Saturday, May 31, 2014

-30- for WT

Wendell Trogdon was city editor of The Indianapolis News in 1967 and, based on recommendations from Executive Editor Fremont Power and reporter Mike Brooks, hired me away from the Tipton Tribune in January of that year.

I was a member of The News staff from Feb. 6, 1967 until the paper ceased publication and I became an Indianapolis Star staffer on Oct. 1, 1999.

I was saddened to learn that Wendell, who lived in Mooresville, Ind., died Thursday at the age of 84.

Here’s a thoughtfully written obit from The Star:

Wendell was born July 23, 1929 in Heltonville, Indiana to Wesley and Edith (Cumming) Trogdon. In addition to his parents, he was preceded in death by siblings, George, Wayne, Mary, and Nora.

wtrogdonNEW053014_20140530He graduated from Heltonville, High School and he earned a Bachelor of Arts Degree from Franklin College in 1951. In 1969 he was selected and attended Stanford University for a year as a National Journalism Fellow. During the Korean War Wendell served in the U.S. Army working in the Counter Intelligence Corps for three years; upon returning to Indiana he began his 38 year newspaper career. His first newspaper job was with the Logansport Pharos-Tribune in 1954. He then worked in the Agricultural Information Department at Purdue University.

Wendell joined The Indianapolis News in 1957 as a reporter, serving as a city editor, then news editor, and retiring as managing editor in September 1992. He was known to push the staff to do stories that made a difference. He cared deeply about the city and the state, and everyone that worked for him understood and respected his passion. In 1974 he began writing "Quips", a brief daily commentary on the events of the times that ran on the front page. In the same year, he started writing "Those Were the Days", based on his growing up in Southern Indiana during the Depression years and World War II. Through the course of his career, he won numerous state awards for journalism, including "best column" and "best feature".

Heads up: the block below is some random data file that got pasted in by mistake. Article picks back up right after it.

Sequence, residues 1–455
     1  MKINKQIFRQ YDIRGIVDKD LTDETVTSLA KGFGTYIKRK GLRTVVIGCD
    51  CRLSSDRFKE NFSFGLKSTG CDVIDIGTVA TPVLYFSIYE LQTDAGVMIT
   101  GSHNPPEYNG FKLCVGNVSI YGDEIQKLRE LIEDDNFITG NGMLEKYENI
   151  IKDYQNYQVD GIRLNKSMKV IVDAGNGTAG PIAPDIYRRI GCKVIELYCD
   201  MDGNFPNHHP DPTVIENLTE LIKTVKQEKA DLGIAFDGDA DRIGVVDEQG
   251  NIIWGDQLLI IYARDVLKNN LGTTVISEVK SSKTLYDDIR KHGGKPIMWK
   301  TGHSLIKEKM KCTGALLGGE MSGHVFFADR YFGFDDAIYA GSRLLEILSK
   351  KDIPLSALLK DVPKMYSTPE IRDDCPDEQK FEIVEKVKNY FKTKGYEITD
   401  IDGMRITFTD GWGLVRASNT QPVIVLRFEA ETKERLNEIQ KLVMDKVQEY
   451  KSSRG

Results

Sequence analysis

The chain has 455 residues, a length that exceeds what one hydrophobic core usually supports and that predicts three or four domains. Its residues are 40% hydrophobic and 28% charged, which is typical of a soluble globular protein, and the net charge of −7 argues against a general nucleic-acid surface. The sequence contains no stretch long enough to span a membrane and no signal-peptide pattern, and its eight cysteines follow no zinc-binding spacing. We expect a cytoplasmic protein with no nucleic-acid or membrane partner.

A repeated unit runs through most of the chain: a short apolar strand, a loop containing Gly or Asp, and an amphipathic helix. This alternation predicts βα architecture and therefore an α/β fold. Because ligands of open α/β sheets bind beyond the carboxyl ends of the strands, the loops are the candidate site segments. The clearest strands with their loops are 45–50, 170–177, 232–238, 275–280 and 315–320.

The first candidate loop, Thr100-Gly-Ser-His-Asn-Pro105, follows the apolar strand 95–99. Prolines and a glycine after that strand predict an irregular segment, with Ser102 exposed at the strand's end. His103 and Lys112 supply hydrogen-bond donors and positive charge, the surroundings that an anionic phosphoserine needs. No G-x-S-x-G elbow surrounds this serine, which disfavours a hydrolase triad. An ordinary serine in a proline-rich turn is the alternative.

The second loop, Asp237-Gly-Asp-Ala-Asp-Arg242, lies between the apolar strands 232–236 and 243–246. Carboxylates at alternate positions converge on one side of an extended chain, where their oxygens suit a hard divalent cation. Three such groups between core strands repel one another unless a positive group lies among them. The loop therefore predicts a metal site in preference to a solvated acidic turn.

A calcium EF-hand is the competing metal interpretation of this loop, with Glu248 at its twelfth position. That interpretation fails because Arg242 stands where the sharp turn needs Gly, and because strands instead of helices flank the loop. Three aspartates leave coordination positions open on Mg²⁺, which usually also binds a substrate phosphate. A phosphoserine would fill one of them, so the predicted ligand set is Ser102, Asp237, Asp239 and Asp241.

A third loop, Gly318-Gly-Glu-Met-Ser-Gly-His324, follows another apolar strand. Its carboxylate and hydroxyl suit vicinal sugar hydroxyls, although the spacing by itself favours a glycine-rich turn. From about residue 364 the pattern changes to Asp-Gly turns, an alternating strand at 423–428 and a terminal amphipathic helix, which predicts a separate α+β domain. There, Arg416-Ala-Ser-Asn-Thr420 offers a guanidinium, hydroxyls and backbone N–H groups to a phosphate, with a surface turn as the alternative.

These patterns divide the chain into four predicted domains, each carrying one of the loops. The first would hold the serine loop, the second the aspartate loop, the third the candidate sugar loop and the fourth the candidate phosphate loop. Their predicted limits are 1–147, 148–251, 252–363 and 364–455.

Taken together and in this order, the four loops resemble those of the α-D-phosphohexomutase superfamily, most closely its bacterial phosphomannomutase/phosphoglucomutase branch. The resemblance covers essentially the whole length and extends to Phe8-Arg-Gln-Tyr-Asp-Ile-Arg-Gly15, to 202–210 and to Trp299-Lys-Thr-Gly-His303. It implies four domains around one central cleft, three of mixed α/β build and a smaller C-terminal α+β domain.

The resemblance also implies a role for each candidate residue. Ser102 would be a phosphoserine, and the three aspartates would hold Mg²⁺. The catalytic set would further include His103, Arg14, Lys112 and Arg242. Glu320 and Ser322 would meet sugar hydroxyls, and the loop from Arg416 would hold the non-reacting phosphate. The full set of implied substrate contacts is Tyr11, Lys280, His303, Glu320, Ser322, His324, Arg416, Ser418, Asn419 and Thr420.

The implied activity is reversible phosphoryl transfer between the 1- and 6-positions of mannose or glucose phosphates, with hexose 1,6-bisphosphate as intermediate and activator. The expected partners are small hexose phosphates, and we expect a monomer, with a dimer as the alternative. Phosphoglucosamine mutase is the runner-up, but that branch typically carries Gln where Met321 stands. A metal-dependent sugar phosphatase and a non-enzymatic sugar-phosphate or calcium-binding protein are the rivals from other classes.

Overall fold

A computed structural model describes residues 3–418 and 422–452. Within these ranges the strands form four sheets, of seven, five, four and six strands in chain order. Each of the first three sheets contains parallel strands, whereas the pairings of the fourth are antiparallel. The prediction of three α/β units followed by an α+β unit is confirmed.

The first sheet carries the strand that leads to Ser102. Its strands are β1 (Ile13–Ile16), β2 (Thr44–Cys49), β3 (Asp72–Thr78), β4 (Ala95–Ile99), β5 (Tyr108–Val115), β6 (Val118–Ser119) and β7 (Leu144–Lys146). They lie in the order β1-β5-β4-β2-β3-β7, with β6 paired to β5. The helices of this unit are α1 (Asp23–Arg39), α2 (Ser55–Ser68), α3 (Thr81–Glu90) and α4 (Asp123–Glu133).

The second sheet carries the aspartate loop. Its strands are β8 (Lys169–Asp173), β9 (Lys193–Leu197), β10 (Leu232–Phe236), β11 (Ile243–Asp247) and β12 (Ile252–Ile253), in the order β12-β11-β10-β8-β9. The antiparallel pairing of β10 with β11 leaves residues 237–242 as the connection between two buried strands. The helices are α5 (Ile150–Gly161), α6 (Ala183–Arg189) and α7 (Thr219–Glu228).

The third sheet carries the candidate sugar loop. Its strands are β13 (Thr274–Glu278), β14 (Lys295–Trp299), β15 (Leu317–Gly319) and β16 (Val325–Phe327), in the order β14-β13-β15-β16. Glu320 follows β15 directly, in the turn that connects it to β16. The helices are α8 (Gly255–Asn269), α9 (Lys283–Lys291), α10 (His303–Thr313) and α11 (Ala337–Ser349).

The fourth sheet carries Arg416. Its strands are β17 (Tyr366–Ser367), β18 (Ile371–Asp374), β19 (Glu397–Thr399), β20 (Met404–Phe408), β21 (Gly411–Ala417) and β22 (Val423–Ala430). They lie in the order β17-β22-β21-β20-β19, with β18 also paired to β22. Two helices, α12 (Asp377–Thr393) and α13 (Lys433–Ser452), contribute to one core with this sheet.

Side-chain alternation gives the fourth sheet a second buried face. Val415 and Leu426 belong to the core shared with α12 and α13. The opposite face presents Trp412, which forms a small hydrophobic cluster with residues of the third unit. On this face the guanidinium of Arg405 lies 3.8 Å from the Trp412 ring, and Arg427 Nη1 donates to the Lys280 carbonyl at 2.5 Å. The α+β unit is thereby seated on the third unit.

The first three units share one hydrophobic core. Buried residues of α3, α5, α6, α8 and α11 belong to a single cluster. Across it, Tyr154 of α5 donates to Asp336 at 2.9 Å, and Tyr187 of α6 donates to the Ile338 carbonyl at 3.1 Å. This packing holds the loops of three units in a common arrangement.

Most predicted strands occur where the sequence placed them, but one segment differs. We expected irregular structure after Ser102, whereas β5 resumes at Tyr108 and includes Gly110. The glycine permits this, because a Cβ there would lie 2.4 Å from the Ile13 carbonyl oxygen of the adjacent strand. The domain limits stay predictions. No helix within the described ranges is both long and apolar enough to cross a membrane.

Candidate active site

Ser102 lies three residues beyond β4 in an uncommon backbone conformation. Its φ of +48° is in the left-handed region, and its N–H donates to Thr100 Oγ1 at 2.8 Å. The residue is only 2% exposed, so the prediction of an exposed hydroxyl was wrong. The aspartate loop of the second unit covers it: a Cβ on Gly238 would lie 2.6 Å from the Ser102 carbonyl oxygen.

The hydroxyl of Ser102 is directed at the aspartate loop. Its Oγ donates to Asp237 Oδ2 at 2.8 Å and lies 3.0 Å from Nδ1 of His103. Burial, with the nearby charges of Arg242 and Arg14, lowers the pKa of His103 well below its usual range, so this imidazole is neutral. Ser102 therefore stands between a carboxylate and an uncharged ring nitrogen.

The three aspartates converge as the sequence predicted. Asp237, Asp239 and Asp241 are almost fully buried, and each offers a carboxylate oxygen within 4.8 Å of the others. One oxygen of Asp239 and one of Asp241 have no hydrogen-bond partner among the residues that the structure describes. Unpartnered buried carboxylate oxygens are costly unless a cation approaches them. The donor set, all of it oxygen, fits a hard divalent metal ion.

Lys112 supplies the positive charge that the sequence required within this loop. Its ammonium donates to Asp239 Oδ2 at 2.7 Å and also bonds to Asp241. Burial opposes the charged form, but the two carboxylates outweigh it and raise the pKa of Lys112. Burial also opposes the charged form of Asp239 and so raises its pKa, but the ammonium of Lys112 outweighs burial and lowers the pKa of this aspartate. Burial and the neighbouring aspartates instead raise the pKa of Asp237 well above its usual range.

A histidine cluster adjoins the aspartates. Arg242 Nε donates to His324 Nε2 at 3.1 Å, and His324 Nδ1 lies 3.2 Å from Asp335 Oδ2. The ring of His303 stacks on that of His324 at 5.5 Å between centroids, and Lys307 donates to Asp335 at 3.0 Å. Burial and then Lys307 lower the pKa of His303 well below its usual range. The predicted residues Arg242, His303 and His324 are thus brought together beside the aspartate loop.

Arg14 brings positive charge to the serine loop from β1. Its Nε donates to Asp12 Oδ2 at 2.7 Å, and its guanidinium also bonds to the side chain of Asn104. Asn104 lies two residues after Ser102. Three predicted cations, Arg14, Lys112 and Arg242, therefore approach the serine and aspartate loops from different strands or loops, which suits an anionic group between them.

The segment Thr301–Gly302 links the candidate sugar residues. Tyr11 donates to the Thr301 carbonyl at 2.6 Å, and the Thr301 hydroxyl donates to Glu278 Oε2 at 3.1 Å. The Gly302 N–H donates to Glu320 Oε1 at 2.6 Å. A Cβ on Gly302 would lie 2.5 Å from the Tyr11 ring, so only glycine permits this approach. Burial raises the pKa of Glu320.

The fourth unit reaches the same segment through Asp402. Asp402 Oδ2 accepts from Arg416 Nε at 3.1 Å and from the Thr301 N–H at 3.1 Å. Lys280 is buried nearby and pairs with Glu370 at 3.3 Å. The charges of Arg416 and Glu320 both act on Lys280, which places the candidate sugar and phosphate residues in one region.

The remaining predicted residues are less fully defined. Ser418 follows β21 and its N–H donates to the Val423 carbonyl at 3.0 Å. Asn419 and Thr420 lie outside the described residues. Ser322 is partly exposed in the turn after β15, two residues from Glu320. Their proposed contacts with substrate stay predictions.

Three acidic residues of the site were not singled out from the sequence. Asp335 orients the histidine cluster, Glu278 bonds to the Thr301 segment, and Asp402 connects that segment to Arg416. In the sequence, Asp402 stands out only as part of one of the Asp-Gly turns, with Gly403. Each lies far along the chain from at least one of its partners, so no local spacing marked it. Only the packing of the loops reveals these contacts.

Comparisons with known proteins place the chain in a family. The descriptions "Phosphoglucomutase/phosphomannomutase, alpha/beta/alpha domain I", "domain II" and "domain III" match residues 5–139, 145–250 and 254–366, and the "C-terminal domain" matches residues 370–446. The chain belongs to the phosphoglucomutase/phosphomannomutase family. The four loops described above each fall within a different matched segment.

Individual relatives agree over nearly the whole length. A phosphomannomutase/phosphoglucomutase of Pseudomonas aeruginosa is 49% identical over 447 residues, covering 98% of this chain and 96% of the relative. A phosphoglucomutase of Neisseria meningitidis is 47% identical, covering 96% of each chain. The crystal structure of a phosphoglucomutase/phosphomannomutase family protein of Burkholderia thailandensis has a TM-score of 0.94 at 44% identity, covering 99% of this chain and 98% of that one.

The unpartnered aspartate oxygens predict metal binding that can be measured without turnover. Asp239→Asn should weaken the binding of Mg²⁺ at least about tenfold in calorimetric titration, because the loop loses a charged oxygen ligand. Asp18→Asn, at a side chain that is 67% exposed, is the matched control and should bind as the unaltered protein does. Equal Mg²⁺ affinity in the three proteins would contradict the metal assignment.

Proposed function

After retirement Wendell continued to write about his beloved Hoosier state, authoring 27 books, traveling every nook and cranny of it with his loving wife, Fabian, by his side. Many of his books focused on life in Southern Indiana in the 1930s and 1940s.

Wendell was also a great family man. He was married to Fabian (Lannerd) Trogdon in 1954, living the majority of their life in the same home in Mooresville, Indiana. He was the father of three grown children: Tamara Bailey of Eminence, Deanna Trogdon of Plainfield and Jenell Hadley (Jerry) of Noblesville. He also had four loving grandchildren: Travis Kersey, Kayla Hadley, Maggie Hadley and Wesley Hadley. Additional survivors include sisters, Nellie Mikels of Bedford and Martha Black of Bloomington; a special brother, Ken Speer of Edinburgh.